Sunday, 24 November 2013

Fortuny and the Delphos dress

Venice appears to be one place where my fabric-and-costume radar doesn’t work. Not only did I not know that it possesses a costume museum until our last visit, I have never been to the Fortuny Museum, either. (Although to be fair, in our numerous visits there we have been to almost no museums; we prefer to stroll round the city and explore instead).

Mariano Fortuny was born in Grenada, Spain, in 1871. His father, a successful artist, died when Fortuny was very young, and the family (Fortuny, his sister and their mother) moved to Paris, where his maternal uncle lived. When he was eighteen the family moved again, this time to Venice; partly because his mother felt that Paris had become too expensive, and partly because Fortuny suffered from an allergy to horses. In Venice the family lived in an eighteenth century palazzo, surrounded by Fortuny senior’s vast collection of objets d’art. From his father Fortuny inherited a love of the East, and never lost his fondness for dressing up, as seen in this photograph of him wearing a turban and a Moroccan striped djellaba. (Looks familiar, where have I seen one of those recently?)

Mariano Fortuny in the late 1930s

Fortuny began painting while still a small boy, guided by his uncle, a celebrated portrait painter. He also learned to etch, and after the family’s move to Venice he developed a keen interest in photography, eventually amassing a collection of over 10,000 negatives. He was also at various times in his life a sculptor, a stage lighting engineer and a set designer, but it is for his textiles that he is best known.

The first reference to him working with textiles appears in 1906 and around a year later his most famous garment made its first appearance; the Delphos dress. The dress was derived from the draped clothing of the Classical world, and took its name from the Charioteer of Delphi; a bronze, life-size statue of a chariot driver from ancient Greece.

The Charioteer of Delphi

Its simple shape, a cylinder of tightly pleated silk hanging from the shoulders, was unlike anything else of the time, and had more in common with the images of Romantic painters such as Sir Lawrence Alma-Tadema than current fashion.

Silver Favorites (detail) by Alma-Tadema, 1903

Lillian Gish in a Delphos dress

Indeed the dress was so different that Fortuny regarded it as in invention, and patented it in Paris in 1909. The diagram which accompanied the patent registration shows how the dress was constructed, with fastens along the shoulders, and a gathering ribbon inside (item f) which altered the line of the sleeve.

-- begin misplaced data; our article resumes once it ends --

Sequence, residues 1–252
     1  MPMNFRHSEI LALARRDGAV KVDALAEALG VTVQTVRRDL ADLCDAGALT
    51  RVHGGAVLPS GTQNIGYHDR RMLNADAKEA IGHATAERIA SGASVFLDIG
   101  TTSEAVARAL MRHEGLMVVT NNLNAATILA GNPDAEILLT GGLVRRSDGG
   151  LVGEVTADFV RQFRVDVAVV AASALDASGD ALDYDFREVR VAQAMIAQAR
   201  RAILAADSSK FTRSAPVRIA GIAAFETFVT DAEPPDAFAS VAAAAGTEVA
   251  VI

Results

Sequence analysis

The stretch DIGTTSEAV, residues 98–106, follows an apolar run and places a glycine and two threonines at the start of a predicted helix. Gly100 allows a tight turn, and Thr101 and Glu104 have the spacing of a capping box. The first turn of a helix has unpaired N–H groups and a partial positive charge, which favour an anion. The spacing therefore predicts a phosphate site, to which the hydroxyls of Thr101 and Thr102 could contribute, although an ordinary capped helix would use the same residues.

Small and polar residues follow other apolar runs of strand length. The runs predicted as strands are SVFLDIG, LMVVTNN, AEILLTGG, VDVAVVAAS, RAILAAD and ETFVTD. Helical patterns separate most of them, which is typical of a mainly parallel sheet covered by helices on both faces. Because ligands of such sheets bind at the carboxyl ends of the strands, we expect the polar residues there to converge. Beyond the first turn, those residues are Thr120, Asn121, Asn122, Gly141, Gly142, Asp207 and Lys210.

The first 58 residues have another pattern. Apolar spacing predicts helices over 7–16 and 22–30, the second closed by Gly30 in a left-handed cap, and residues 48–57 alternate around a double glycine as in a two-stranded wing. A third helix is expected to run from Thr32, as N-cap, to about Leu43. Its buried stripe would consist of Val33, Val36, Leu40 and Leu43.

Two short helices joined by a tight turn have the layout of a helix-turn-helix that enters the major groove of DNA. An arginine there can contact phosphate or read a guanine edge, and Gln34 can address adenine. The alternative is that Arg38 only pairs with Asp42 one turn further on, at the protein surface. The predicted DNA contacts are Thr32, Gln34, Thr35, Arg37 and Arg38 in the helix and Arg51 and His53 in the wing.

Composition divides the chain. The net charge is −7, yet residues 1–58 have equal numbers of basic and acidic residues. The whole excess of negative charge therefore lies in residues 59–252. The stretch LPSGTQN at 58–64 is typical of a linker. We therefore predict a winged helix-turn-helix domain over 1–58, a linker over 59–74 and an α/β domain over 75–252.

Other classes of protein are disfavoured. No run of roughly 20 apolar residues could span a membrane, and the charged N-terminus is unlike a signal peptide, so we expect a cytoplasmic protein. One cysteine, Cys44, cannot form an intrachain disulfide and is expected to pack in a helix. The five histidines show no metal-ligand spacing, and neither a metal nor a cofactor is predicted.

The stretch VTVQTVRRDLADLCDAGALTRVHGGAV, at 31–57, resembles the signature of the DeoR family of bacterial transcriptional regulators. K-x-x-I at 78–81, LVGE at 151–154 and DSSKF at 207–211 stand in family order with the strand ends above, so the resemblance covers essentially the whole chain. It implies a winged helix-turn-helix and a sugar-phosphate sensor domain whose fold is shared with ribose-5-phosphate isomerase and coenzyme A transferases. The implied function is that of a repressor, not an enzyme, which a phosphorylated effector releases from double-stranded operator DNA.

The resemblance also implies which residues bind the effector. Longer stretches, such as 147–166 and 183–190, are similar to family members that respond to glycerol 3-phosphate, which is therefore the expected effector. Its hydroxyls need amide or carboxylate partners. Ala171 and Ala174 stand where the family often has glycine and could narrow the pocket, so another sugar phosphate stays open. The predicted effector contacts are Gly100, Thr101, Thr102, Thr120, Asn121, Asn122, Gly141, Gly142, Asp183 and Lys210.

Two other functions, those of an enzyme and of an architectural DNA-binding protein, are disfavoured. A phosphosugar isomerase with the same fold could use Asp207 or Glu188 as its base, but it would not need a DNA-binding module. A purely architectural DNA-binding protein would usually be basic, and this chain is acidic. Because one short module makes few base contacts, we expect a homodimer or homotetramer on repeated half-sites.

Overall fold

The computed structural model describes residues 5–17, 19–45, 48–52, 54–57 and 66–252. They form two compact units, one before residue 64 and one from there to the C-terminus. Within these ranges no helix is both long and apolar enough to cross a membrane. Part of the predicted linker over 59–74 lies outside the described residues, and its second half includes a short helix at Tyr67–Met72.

Patent diagram of the Delphos dress

1930s Delphos dress, showing shoulder fasten and internal gathering (from Whitaker Auction)

Although shown in the diagram as a loose, straight dress, some later versions were worn with a belt at the waist, or gathered under the bust.

The dresses were made of fine silk, with small beads of Venetian glass down the sides, for decoration and to add some weight so that dress would cling to the body. Although there were numerous variations of the dress over time, and no two Delphos dresses were exactly the same, the basic design never changed.

1930s dress with overblouse

Dress with printed chiffon tunic

When not being worn, the dresses were to be stored rolled up to preserve the pleats.

Rolled dresses, © Victoria and Albert Museum

They were sold in small boxes, and must have been far easier to pack than most dresses of the time!

Delphos dress in its original box

The 1920s were the heyday of the Delphos dress. In an article in the Sunday Times Magazine in 1976 Lady Bonham-Carter recalled buying a Delphos dress in Venice in 1920, and added that, “Everybody went to Fortuny then. I think everyone I knew had a Fortuny dress”.

Natasha Rambova, wife of Rudolph Valentino, in a Delphos dress c 1924

While everybody may have gone to Fortuny, whether everyone looked good in a Fortuny dress might have been a different matter altogether. According to Lady Diana Cooper the dresses, “Clung like mermaid’s scales”. Nowadays Delphos dresses tend to be displayed on tall, slim dress forms, sometimes with the dress pooling on the floor, which is how Fortuny intended them to look. This setting shows the dresses to their best advantage.

A selection of Delphos dresses

Equally, when worn by someone like Lillian Gish in the photograph above, the clinging nature of the dress worked well. However I can’t help feeling that not all the photographs of Delphos dresses being worn look entirely flattering.

Back view of a model wearing a Delphos dress. Hmm.

Three of Isadora Duncan's adoptive daughters, looking oddly short, in Delphos dresses

That the narrow dresses only suited the very slim seems to have been recognized by some people. The dresses were originally made from three or four widths of fabric and Elsie Lee, who sold Fortuny’s goods in the United States, suggested that an extra width of fabric should be put into the dresses so that more women could wear them.

However I think that the worst ever photograph of the Delphos dress was taken early in its life. In 1907 Mrs Selma Shubart was photographed by her brother, Alfred Stieglitz, wearing a Delphos dress. The dress is a beautiful colour; a rich gold, achieved like all of Fortuny's colours by dying the fabric several times. The Cromwell shoes are a bit quirky, but given that the dress was quirky by the standards of the time, not a problem. The flowers at the waist are no doubt an addition of Mrs Shubart's, but to me they work. But the cardigan??! Even if it is a matching colour, a nice comfy cardi over a Delphos dress is, without a doubt, a crime against a costume icon.


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